"The future is already here -- it's just not very evenly distributed." -- William Gibson
There is a whole generation of young people who would have been entering the job market for the first time during the economic collapse of 2008 and its dubious long recovery.
In that time we have seen the decline of the record industry splinter off and find a begrudging acceptance of the same technology, which caused its monolithic empire to crumble. This has empowered the listener and given us unimaginable economic choices within the previous music industry paradigm.
My friend Shane Ingersoll is always putting me on to new rap. The guy has an ear for it. Last summer he played me the Pro Era mixtape, which got me excited for rap again. Most recently he exposed me to the delightfully bizarre Noemotion Gold Mask. I began to think about what it must be like to be young (under 30ish) and rapping now.
One thing I'm noticing is a return to craftsmanship amongst young MCs. What has consistently been valued in the underground, had been missing for so long in the mainstream. Joey BadA$$ is consistently releasing singles that remind me of the young Nas, yet newer. Azealia Banks can rhyme circles around any of her contemporaries in a way that Eminem could when he had something to say in the early 2000s in terms of rap mechanics -- precision, vocabulary, style, etc.
Noemotion Gold Mask feels as if he's coming out of the underground traditions of the weird; such as Kool Keith or Doom, yet he still retains a certain level of craftsmanship that had been missing for a number of years. For awhile there, Rap was bloated and flush with champagne, much like rock in the 70's before punk put the spike through it's fat belly. There were occasional moments of clarity, yet you didn't hear it emerge as a moment like it is now. I'm convinced it's due to a generational response to the postmillennial economic condition. There's no clear payoff to conform to the mainstream market.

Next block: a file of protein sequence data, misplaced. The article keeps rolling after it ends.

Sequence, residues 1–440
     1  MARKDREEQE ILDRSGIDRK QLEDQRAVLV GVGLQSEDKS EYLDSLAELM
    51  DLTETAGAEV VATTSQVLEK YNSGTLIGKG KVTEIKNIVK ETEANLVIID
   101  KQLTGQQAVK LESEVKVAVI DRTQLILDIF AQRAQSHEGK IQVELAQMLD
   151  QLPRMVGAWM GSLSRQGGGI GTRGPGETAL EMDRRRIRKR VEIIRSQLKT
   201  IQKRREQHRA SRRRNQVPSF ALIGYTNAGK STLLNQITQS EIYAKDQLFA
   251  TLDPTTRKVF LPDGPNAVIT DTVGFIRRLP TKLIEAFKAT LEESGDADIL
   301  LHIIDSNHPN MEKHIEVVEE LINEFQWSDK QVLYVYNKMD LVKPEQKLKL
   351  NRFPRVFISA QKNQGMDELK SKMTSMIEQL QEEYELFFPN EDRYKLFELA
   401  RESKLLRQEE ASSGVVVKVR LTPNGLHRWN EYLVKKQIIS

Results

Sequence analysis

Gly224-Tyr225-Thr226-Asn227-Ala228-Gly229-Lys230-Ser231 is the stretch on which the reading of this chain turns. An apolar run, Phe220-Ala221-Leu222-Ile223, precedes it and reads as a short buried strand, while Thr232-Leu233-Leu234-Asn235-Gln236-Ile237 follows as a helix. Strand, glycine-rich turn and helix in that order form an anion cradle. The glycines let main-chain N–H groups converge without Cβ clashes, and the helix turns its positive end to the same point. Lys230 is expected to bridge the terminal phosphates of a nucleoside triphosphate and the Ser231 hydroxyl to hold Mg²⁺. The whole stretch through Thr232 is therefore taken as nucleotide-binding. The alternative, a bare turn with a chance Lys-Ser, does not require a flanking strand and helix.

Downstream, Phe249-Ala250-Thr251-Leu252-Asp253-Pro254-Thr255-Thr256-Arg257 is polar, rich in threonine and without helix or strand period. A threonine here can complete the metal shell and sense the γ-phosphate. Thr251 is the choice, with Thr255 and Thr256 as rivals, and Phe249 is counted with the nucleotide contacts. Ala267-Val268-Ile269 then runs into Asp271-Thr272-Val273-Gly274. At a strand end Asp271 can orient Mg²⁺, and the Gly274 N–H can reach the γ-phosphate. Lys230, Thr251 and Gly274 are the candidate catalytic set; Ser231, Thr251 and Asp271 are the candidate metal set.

During its adolescence, rap had something to prove -- it went through a golden age around 1988 until 1995 or thereabouts. The era seems to be influencing the young people who would just have been born and missed it while it occurred. Much like my friends and I were experiencing with punk in the early to mid 90's.
I recently saw a YouTube clip from the late '90s of Chuck D of Public Enemy debating Lars Ulrich of Metallica on Charlie Rose on the subject of Napster, it should have been clear that the paradigm was shifting towards this economic dissolution. The young people I mentioned above, grew up in it and intrinsically got it.
The paradigm of an artistic era is always characterized by economic expansion and reduction. The reductions are cleansing away things that are unimportant. When nobody is going to make any money, it's an exciting time to be experimental and weird. Super weird. Subculture is dependent on the acceptance and patronage of the bourgeoisie, which in contradictory equal measures -- drains its vitality.
So far there wasn't any TARP-like, Keynesian intervention to save rap from its own excesses. It had to do itself in to become vital again. Currently, limited vocabularies by MCs like Rick Ross and Little Wayne feel really dusty and old fashioned. Would this upswing in craftsmanship and straight weirdness in rap be so widely accepted during an economic boom? It's hard to say. For the time being, the kids are alright.